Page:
As both a poet and urban historian, I have always been partial to poems and songs about specific cities. There's a rich history of city poems from Baudelaire's gaze on Paris, William Blake, Wordsworth, T.S. Eliot, and later Linton Kwesi Johnson on London, Langston Hughes on Harlem, Carl Sandburg on Chicago, the list goes on and on. One of the best city poems I have ever read or heard is about the unlikely city of Stockton, California.
Cory Cofer aka Besskepp, the poem's author, came to Southern California for college but spent his formative years in Stockton. His heartfelt poem, he says, "was inspired by Forbes Magazines' conclusion that rated Stockton as one of the worst cities to live in America. I wish they had talked to me first. It's diverse, eclectic, rich in tradition, and green." His ode to Stockton celebrates the rich history and racial diversity, "Black girls play Chinese jump rope in Stockton, white boys know hip hop."
The poem packs a mix of stories and facts to illustrate the soul of Stockton. Besskepp informs us that an all-Black school was founded there in the 1860s. In the 19th Century after the Gold Rush, Stockton was one of the biggest cities in California, and it's been diverse from the beginning. Furthermore, Stockton's Little Manila enclave is a bustling, internationally known district in the city that once had the largest Filipino population in America -- the famed Filipino poet Carlos Bulosan passed through in the 1930s and wrote about Stockton and the Central Valley. The annual Asparagus Festival celebrates the agricultural history. Sunset magazine declared Stockton the best Tree City in Western America in 2002. And if that's not enough, the band Pavement formed in Stockton, and the celebrated boxing novel turned to movie, "Fat City" was also set in Stockton.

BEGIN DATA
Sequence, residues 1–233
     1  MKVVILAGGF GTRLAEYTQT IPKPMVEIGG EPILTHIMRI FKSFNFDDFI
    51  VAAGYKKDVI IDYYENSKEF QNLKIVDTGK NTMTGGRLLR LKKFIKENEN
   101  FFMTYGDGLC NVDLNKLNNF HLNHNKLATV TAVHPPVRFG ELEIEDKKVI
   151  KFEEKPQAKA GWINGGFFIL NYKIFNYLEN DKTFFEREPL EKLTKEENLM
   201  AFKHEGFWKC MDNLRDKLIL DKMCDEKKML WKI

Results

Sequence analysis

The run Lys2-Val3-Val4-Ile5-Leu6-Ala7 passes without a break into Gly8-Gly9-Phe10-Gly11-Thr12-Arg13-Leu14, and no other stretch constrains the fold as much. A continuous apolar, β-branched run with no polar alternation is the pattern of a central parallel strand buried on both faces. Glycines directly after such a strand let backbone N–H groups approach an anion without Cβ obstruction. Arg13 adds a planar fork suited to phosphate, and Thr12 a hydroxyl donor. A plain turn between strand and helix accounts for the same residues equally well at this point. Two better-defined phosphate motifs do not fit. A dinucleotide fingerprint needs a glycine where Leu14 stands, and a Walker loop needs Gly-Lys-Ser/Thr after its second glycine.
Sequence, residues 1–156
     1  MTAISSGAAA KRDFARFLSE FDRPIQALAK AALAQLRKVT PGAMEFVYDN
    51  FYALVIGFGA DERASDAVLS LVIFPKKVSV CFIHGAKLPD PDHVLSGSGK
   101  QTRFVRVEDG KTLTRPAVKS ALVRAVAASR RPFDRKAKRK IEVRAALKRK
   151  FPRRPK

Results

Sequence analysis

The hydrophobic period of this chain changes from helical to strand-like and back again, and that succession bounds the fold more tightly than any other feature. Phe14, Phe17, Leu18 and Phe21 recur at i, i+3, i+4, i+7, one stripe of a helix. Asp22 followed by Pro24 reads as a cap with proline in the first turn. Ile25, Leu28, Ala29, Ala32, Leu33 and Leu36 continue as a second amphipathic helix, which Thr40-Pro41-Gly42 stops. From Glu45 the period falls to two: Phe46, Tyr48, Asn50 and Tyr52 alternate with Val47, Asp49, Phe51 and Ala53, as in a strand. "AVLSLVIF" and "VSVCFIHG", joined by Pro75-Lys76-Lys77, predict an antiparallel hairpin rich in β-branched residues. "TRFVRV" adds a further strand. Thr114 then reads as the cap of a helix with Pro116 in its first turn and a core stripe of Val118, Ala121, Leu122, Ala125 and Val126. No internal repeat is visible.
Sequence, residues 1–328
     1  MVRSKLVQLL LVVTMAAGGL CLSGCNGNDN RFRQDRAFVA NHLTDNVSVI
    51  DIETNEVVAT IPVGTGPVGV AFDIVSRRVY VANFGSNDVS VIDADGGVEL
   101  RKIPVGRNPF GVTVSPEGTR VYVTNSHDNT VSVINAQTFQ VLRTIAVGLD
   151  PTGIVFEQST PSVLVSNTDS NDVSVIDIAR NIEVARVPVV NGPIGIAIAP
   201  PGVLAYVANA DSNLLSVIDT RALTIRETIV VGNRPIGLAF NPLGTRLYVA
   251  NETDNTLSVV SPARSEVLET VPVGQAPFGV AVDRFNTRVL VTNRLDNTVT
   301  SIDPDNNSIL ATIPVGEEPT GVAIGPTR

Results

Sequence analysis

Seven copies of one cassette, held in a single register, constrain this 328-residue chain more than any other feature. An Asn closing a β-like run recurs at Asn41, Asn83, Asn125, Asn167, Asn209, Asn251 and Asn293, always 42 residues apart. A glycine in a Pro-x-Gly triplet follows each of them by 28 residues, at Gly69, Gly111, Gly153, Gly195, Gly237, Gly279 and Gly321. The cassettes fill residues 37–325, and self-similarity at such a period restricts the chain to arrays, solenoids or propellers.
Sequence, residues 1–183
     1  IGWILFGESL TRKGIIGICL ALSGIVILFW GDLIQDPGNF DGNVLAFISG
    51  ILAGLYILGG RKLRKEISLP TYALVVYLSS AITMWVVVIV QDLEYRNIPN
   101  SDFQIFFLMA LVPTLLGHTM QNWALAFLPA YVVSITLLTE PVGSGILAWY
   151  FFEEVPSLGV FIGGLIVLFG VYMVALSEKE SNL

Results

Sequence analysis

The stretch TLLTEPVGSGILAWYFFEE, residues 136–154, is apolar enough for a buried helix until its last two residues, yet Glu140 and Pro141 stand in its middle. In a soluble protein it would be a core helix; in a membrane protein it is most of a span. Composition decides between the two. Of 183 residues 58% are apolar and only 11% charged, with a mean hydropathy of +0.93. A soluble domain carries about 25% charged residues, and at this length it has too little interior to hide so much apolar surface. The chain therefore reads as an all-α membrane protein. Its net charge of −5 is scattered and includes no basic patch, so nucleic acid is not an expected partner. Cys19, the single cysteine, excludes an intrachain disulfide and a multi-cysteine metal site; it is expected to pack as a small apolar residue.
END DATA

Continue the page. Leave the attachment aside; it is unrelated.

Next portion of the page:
"Stockton" is on Besskepp's most recent album "The Hey Moment." His book, "Up the Street Around the Corner," includes some more short stories about Stockton. His weekly poetry venue A Mic & Dim Lights in Pomona has been going for 12 years and is one of the largest poetry events in California. The same spirit in his Stockton poem can be felt in his weekly performances in Pomona.
Besskepp clearly describes why Stockton's racial diversity and working class spirit transcends Forbes. "Stockton raised me," he says. "I miss its' foggy mornings. As a kid I likened it to eye-level clouds; the same clouds that may have blinded Forbes of Stocktons' beauty."